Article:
Now that the Supreme Court has announced that it will decide the constitutionality of Cleveland's school voucher program, we may see an uptick in those annoyingly effective school voucher ads featuring a sympathetic African-American child, such as Ebony Johnson, who was stuck in a failing public school until a voucher program liberated her. The ads are like a continual rerun of the 2000 Republican National Convention, racially inclusive, compassionate and conservative.

Perhaps we should be thankful that the right has, at least for the moment, shifted its strategy of putting a black face on crime and welfare, and instead is depicting African-Americans as striving for educational op-portunity. Still, the approach is galling to those of us who don't see privatizing education as the next civil rights movement.

In any event, expect to see a lot more of this. The voucher movement has exchanged Milton Friedman for Floyd Flake. It's very smart politics, according to Terry Moe's new book, Schools, Vouchers, and the American Public (which, incidentally, features two African-American girls on the cover). Moe, a Stanford professor and Hoover Institution senior fellow, is an ardent voucher proponent who made his name when he published, with John Chubb, Politics, Markets and America's Schools in 1990. The book, which concluded that democratic control of schools is inherently inefficient and promotes bureaucracy, became the academic bible of the voucher movement.

Moe's new book is not an argument for or against vouchers; it is an analysis of public opinion on vouchers that is likely to be very influential in shaping the movement's future. Moe has written a nuanced and thoughtful treatise that goes beneath the notoriously unreliable single-shot question favored by the media: Do you favor or oppose school vouchers?

The simple yes-or-no question is unhelpful, Moe notes, in part because most Americans don't know what to think. "Despite all the political turmoil at the elite level," Moe writes, "fully 65% of Americans say they have not heard about vouchers." To the extent people know what they're talking about, they are torn, Moe finds–all of which means the future of school vouchers is very much up for grabs.

Moe found in his 1995 nationally representative survey of 4,700 adults that voucher proponents have a couple of things going for them, and some substantial obstacles as well. Champions of vouchers will be pleased to know that, fundamentally, most Americans think the current system of public education is highly inequitable and needs reform. Sixty-four percent of Americans agree that "families with low incomes often have little choice but to send their children to schools that are not very good." Moe returns to this theme throughout the book and concludes that "the equity issue is central to the way Americans think about their education system, and is potentially a very powerful appeal of the voucher movement as it seeks to attract support." Moe predicts that the equity theme will ultimately lead civil rights groups, which now oppose vouchers, to switch sides, leaving teachers' unions alone in defense of the status quo. (The one caveat Moe introduces is that low-income and less-educated parents are more satisfied with their schools, even though, objectively, they have the most reason to complain.)

The other good news for voucher proponents, Moe finds, is that most Americans think private schools do a better job of educating students than public schools. Fifty-seven percent of Americans think private and parochial schools rank better, not worse, in academic quality (5 percent rank them worse, 27 percent rank them about the same and 11 percent don't know). In predicting the future of vouchers, Moe writes, "it is of enormous importance that most people think private schools are superior to public schools." Along the same lines, people like the idea of having more choice among schools, both because they want the opportunity to better match schools to their children's individual needs and because the discipline of competition may yield school improvement.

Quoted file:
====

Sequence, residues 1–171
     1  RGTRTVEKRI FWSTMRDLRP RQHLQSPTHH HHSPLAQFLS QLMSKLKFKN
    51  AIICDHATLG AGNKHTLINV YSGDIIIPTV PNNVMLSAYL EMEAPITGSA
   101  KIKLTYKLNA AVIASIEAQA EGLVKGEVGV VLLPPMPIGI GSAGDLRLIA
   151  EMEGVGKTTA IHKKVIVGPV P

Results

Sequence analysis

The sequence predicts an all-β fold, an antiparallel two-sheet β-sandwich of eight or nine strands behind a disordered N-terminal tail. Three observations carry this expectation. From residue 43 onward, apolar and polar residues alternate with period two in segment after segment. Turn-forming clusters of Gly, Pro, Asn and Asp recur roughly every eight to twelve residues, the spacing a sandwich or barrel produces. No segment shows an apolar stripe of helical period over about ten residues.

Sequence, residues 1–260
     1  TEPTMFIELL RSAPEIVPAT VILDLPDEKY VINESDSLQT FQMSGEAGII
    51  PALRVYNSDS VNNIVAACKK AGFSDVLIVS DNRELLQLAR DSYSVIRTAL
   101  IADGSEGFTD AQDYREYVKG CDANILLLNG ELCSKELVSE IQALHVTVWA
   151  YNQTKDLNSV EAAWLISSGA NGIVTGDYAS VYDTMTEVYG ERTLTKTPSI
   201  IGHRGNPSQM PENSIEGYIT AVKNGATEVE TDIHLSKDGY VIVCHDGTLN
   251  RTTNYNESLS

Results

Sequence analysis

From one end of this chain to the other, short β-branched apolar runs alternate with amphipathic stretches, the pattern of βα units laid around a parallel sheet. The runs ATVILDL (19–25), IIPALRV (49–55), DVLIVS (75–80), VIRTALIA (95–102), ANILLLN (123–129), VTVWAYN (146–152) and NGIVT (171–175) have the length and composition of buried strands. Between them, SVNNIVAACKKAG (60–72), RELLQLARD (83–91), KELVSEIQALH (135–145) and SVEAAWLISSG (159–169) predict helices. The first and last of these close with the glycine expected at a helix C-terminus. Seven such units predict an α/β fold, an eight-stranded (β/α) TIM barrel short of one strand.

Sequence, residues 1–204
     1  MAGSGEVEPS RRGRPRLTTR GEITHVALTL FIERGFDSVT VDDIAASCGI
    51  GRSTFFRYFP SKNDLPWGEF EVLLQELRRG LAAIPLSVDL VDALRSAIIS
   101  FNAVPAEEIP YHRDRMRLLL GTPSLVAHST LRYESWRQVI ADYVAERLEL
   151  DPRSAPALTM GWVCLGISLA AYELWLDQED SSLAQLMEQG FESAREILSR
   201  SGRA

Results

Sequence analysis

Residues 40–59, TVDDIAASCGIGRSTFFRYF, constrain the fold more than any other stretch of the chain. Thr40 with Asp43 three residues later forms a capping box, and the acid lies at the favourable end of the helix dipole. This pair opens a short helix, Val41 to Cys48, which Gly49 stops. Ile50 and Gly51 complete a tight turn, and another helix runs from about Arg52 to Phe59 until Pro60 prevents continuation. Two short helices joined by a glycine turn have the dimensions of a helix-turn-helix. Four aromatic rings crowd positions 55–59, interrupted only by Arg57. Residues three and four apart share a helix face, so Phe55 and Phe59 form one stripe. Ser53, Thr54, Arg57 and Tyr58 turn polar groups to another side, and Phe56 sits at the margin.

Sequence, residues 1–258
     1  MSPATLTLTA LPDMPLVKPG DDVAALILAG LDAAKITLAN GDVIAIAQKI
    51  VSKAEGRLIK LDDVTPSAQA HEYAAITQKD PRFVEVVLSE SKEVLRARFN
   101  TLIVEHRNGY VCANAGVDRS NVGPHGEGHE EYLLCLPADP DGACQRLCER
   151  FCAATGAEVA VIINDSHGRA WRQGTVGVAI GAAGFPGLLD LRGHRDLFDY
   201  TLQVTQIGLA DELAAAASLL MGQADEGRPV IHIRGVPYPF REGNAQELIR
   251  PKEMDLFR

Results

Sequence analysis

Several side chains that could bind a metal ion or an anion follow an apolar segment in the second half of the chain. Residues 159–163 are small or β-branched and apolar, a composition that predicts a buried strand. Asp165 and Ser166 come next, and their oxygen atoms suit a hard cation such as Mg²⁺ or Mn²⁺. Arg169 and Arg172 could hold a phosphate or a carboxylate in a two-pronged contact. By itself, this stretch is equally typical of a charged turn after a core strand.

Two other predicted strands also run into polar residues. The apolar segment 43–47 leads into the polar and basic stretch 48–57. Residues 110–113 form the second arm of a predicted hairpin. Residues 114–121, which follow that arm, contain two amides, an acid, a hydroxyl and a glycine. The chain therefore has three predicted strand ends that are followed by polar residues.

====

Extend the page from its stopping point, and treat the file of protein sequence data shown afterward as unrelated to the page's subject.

On the other hand, Moe finds that voucher opponents have two key sources of public support. Most important, Moe says, is that Americans have a "public school ideology." He explains: "Many Americans simply like the idea of a public school system. They see it as an expression of local democracy and a pillar of the local community, [and] they admire the egalitarian principles on which it is based." The corollary of this finding is that Americans are risk-averse about privatization schemes and favor heavy regulation of private-school vouchers. Under plans where public dollars are to be used for private school tuition, Moe finds that 88 percent favor private-school-teacher certification requirements, 80 percent favor curriculum requirements, 83 percent financial reporting and auditing requirements, and 86 percent student testing. Americans also favor strong equity provisions: Eighty-two percent say parochial schools receiving vouchers should have to admit students of all religions, and 75 percent support a set-aside or quota for low-income students. (Even 57 percent of Republicans support the set-aside.)

Moe suggests that all this means that voucher advocates–at least initially–should focus on targeted, means-tested and highly regulated voucher programs, and that purist voucher supporters should learn to live with these conditions in order to blunt public concerns about vouchers. This line of thinking is similar to that advanced over the years by liberals like Robert Reich and Christopher Jencks, and by John Coons and Stephen Sugarman in their book Education by Choice. Moe does not fully address the problems of supply these regulations might create. There is evidence, in Florida and Milwaukee, that the more regulations placed on schools to qualify for vouchers, the fewer the number of schools that will participate. Some 70 percent of Catholic high schools require a test for admission, and it is not at all clear how many private schools would be willing to admit students by lottery, much less set aside slots for low-income children. Nor is it clear how many schools would go along with strict accountability provisions. Significantly, President Bush's federal voucher proposal did not call for testing in private schools, though tests are at the center of his efforts to improve public schools.